NEWARK, N.J. -- Reputed Mafia leader Louis 'Bobby' Manna inducted new members into the Genovese organized crime family by telling them, 'This is the gun you live by. This is the knife you die by,' an alleged high-ranking mob defector testified Friday.
Vincent 'Fish' Cafaro, 55, who turned against the family and worked undercover for the FBI for five months in 1986, testified for the first time in a criminal trial. He described a world of meetings in Manhattan social clubs and on street corners in East Harlem, of 'made men,' 'wise guys,' 'soldiers' and 'capos' where mob leaders approved 'hits' on 'rats.'
Prosecutors describe Manna as the Genovese family consigliere, or third-ranking leader, and as head of the family's New Jersey faction. He and five alleged associates are on trial charged with a conspiracy that includes plotting to kill reputed Gambino crime family boss John Gotti and his brother Gene and arranging the murder of mob-connected New York businessman Irwin Schiff, dubbed 'the Fat Man.'
Cafaro said 'made members' were inducted in a ritual that included pricking their trigger fingers with a pin. He said he recommended one man for membership and then watched the ceremony at an apartment in East Harlem.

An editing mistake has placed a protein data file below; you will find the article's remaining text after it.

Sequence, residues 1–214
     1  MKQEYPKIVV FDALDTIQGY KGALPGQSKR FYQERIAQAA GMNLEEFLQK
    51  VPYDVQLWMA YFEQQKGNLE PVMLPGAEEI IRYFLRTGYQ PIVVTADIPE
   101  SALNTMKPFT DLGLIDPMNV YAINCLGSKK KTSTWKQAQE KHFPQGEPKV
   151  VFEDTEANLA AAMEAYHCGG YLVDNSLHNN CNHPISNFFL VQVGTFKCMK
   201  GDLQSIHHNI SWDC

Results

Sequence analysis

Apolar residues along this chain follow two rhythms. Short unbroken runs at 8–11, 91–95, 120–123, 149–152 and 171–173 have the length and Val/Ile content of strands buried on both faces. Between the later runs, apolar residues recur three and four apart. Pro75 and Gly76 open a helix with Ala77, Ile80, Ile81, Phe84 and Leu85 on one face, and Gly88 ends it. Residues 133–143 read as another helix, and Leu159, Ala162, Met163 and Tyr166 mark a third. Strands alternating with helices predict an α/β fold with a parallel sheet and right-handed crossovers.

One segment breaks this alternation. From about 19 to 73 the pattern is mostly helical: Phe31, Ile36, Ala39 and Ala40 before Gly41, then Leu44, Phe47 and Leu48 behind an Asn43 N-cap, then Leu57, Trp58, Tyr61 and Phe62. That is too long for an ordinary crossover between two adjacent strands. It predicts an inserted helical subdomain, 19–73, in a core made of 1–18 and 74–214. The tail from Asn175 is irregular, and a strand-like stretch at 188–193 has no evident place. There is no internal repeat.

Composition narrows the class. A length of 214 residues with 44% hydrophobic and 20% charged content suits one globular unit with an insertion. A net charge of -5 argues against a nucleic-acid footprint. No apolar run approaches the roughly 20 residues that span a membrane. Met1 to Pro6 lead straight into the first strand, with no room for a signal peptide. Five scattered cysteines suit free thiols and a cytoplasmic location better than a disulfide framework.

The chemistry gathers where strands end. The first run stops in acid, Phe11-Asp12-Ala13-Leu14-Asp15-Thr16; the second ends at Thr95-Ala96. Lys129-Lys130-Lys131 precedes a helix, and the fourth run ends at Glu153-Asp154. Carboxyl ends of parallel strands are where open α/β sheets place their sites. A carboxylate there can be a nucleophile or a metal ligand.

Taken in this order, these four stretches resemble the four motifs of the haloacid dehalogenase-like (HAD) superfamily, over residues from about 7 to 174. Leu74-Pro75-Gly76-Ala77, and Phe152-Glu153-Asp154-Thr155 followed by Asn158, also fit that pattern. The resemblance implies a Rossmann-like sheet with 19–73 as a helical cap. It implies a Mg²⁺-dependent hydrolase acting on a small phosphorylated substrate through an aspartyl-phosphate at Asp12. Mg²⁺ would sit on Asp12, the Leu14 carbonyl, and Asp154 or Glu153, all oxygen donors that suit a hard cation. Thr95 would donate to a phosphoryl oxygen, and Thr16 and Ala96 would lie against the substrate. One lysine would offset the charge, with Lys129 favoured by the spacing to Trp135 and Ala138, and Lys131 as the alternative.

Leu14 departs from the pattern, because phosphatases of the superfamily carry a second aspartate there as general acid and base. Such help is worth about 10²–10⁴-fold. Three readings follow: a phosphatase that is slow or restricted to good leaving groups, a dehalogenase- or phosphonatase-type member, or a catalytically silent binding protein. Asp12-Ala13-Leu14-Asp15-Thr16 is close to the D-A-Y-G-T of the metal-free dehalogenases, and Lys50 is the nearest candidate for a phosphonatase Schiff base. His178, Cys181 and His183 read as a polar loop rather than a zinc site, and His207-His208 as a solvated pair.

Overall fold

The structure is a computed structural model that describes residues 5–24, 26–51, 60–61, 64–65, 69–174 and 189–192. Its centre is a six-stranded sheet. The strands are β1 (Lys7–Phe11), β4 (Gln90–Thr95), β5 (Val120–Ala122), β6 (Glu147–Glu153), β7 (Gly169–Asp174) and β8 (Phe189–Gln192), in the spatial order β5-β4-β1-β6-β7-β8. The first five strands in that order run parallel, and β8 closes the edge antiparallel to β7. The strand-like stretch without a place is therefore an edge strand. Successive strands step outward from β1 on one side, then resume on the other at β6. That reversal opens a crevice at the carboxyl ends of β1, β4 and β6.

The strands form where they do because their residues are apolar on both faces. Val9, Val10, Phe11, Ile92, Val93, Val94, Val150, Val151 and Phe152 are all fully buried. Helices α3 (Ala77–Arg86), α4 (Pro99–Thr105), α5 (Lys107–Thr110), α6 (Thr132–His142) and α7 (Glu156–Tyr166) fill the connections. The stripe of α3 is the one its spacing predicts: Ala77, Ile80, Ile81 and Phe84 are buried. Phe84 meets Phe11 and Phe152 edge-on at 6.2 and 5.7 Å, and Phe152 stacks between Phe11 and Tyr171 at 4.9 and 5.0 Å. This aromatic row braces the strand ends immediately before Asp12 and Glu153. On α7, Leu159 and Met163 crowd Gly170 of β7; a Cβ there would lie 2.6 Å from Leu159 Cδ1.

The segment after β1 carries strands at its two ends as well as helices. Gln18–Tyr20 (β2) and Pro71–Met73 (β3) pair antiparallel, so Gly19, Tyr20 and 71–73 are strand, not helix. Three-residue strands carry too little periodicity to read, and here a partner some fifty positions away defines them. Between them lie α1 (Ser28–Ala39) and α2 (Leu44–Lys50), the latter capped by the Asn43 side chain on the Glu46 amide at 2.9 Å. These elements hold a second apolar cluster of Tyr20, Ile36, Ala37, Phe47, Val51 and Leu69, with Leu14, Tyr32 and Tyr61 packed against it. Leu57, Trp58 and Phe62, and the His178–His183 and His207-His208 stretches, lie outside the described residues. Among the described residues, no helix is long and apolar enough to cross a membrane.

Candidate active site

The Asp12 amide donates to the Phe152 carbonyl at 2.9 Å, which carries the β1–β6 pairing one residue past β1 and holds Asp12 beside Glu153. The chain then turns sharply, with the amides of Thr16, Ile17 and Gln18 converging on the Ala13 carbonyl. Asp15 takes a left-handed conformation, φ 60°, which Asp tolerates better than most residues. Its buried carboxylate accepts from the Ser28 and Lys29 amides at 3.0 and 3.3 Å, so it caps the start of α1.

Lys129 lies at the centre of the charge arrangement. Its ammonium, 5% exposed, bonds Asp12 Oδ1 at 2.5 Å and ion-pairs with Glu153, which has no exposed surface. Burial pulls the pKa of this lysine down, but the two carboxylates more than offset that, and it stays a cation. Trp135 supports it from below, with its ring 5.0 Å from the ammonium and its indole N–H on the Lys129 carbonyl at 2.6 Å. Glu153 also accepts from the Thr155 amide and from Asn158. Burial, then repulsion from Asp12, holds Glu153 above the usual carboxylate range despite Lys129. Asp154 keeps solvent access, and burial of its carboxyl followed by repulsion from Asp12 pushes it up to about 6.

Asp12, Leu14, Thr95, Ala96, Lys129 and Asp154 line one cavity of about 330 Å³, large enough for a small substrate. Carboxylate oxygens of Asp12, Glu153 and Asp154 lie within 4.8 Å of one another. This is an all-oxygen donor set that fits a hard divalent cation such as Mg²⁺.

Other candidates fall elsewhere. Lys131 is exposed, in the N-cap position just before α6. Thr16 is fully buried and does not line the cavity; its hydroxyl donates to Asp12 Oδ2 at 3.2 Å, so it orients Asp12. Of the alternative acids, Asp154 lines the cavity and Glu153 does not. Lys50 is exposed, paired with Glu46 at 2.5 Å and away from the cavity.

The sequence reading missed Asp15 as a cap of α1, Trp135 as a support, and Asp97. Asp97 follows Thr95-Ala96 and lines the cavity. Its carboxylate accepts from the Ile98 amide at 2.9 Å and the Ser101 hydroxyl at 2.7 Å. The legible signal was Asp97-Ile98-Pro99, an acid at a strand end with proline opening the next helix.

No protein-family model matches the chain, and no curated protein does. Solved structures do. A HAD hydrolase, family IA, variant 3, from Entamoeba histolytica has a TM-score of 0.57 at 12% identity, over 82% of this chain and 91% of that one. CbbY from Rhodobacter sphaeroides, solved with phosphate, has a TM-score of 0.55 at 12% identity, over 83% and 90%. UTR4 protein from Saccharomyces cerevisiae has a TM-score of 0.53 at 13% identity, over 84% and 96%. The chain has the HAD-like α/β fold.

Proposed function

'This is the gun you live by. This is the knife you die by,' Manna told the new member.
As First Assistant U.S. Attorney Michael Chertoff completed his direct examination, he asked Cafaro if he was still a member of the family after wearing a wire and testifying before a U.S. Senate investigating committee.
When Cafaro replied, 'No,' Chertoff asked him why.
'Because I'm a rat,' Cafaro said.
Genovese boss Anthony 'Fat Tony' Salerno told him in 1980 that Manna was the new consigliere, Cafaro said. He also told the jury that Vincent 'the Chin' Gigante and Manna ran the family for several months after Salerno suffered a stroke in January 1981. Law enforcement authorities believe Gigante became boss of the Genovese family following Salerno's imprisonment.
Manna approved the killing of Nicholas 'Nat' Masselli, who was shot in the Bronx in August 1982, Cafaro said. Masselli, son of William 'the Butcher' Masselli, had been talking to a special prosecutor investigating former Labor Secretary Raymond Donovan.
Allegedly the highest-ranking mob defector in recent years, Cafaro agreed to cooperate after his arrest in 1986 and worked undercover with the FBI, wearing a wire. But a year later he reneged, refusing to testify in a drug trial.
He made a new agreement last year and pleaded guilty to racketeering charges in New York and New Jersey. He told the jury in U.S. District Court that he was paid $50,000 for a year's worth of cooperation.